• Talk to your Customers - Ask your customers. I know that sounds simple, but too many product managers are not talking to their customers. What problems do they face in general? Or using your product? What features would they like? Why?
 Let me know what you think about these ideas...feel free to post a comment.

Friday, January 14, 2011

The 3 A's of hiring

So I've done my fair share of evaluating employees and hearing about how others determine who to hire. I've heard one manager list out what he looks for in a potential employee and I thought I'd pass along with my own perspectives. So here they are, the 3 A's of hiring:
  • Attitude - Does the employee have the right attitude? This is very difficult to measure in a short interview. Here are some techniques/ideas that you may find helpful.
    • I would suggest focusing on difficult or challenging situations and probing deeply into what the candidates initial thoughts facing that situation and how they handled it. This line of questioning can also help you determine tHe emotional awareness/intelligence that the candidate possesses. 
    • Another area to look at is at their LinkedIn recommendations. Does the candidate have any recommendations and, if so, do they reference their attitude. Obviously these should be taken with a grain of salt, but look for common themes across several of them.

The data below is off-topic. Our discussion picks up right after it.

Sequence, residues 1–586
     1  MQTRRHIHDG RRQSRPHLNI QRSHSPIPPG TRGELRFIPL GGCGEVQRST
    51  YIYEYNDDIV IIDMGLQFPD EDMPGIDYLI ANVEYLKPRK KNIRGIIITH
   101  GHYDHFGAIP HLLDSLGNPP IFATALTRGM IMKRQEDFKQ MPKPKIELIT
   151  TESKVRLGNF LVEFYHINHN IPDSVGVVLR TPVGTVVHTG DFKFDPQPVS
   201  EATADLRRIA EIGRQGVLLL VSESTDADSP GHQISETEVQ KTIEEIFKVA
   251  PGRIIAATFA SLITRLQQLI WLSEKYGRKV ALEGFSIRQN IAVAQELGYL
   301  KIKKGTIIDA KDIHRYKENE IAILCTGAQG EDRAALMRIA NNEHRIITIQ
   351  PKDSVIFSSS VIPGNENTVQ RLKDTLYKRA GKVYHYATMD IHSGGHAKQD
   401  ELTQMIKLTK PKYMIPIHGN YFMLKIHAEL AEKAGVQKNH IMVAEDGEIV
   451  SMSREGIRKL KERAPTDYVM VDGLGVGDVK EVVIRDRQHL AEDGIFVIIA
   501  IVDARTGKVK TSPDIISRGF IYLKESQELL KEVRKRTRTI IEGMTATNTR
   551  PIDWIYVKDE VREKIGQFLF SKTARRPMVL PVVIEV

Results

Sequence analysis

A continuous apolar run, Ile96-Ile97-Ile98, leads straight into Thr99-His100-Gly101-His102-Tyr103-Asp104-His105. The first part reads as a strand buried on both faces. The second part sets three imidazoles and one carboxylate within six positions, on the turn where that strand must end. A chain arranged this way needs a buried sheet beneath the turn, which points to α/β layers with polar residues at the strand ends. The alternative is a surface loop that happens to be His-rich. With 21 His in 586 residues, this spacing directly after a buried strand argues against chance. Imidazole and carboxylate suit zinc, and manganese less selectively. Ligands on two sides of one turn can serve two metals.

• How does the candidate carry themselves in the interview. Are they smiling and actively listening? Are they prepared? Nothing turns me off more than a candidate who has not done their homework. Have they read about your product/company and, if possible, used it. 
    • One interview question I read recently (click here for top 2010 Interview Questions) was "You just inherited a pizzeria, what is the first thing you do?". I think this question can really help gauge how a person would approach a problem and what their attitude would be.
  • Aptitude - Can the employee adapt to change and succeed? How well can they learn? I can't tell you how many jobs I've had where I have gone back in time and looked at the original job description and realize that what I am currently doing in that same job is totally different. Situations and environments change, is the candidate comfortable with that. You can ask questions during the interview about their experiences with change and learned a new skill and how they and others dealt with that.  Do they invest in learning and can they adapt quickly to change?